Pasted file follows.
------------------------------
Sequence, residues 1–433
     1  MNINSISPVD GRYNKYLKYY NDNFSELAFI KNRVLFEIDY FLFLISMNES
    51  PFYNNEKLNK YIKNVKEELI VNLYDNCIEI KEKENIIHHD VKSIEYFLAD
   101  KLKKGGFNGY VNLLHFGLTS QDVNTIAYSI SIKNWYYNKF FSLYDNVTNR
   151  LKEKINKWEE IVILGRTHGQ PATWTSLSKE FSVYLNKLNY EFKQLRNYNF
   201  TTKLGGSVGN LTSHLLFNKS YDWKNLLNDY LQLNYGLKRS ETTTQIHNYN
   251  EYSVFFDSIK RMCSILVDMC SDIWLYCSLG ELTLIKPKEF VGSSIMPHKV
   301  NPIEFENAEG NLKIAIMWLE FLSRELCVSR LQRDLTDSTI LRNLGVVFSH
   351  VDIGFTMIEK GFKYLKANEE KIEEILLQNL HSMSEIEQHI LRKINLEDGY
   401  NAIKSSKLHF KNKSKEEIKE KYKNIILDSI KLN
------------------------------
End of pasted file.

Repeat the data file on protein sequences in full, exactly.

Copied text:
Sequence, residues 1–433
     1  MNINSISPVD GRYNKYLKYY NDNFSELAFI KNRVLFEIDY FLFLISMNES
    51  PFYNNEKLNK YIKNVKEELI VNLYDNCIEI KEKENIIHHD VKSIEYFLAD
   101  KLKKGGFNGY VNLLHFGLTS QDVNTIAYSI SIKNWYYNKF FSLYDNVTNR
   151  LKEKINKWEE IVILGRTHGQ PATWTSLSKE FSVYLNKLNY EFKQLRNYNF
   201  TTKLGGSVGN LTSHLLFNKS YDWKNLLNDY LQLNYGLKRS ETTTQIHNYN
   251  EYSVFFDSIK RMCSILVDMC SDIWLYCSLG ELTLIKPKEF VGSSIMPHKV
   301  NPIEFENAEG NLKIAIMWLE FLSRELCVSR LQRDLTDSTI LRNLGVVFSH
   351  VDIGFTMIEK GFKYLKANEE KIEEILLQNL HSMSEIEQHI LRKINLEDGY
   401  NAIKSSKLHF KNKSKEEIKE KYKNIILDSI KLN